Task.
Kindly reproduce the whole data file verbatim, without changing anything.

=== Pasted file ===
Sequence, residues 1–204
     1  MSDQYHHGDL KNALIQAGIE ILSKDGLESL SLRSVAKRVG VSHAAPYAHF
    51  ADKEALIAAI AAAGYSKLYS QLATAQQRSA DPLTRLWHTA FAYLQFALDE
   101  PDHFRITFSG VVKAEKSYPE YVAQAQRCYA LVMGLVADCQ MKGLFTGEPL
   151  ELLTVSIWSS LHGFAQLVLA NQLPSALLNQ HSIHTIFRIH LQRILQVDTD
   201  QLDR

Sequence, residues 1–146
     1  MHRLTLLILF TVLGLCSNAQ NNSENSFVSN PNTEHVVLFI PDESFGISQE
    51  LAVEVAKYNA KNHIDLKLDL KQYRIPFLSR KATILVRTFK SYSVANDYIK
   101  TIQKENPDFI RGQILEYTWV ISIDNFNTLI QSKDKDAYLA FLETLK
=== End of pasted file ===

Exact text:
Sequence, residues 1–204
     1  MSDQYHHGDL KNALIQAGIE ILSKDGLESL SLRSVAKRVG VSHAAPYAHF
    51  ADKEALIAAI AAAGYSKLYS QLATAQQRSA DPLTRLWHTA FAYLQFALDE
   101  PDHFRITFSG VVKAEKSYPE YVAQAQRCYA LVMGLVADCQ MKGLFTGEPL
   151  ELLTVSIWSS LHGFAQLVLA NQLPSALLNQ HSIHTIFRIH LQRILQVDTD
   201  QLDR

Sequence, residues 1–146
     1  MHRLTLLILF TVLGLCSNAQ NNSENSFVSN PNTEHVVLFI PDESFGISQE
    51  LAVEVAKYNA KNHIDLKLDL KQYRIPFLSR KATILVRTFK SYSVANDYIK
   101  TIQKENPDFI RGQILEYTWV ISIDNFNTLI QSKDKDAYLA FLETLK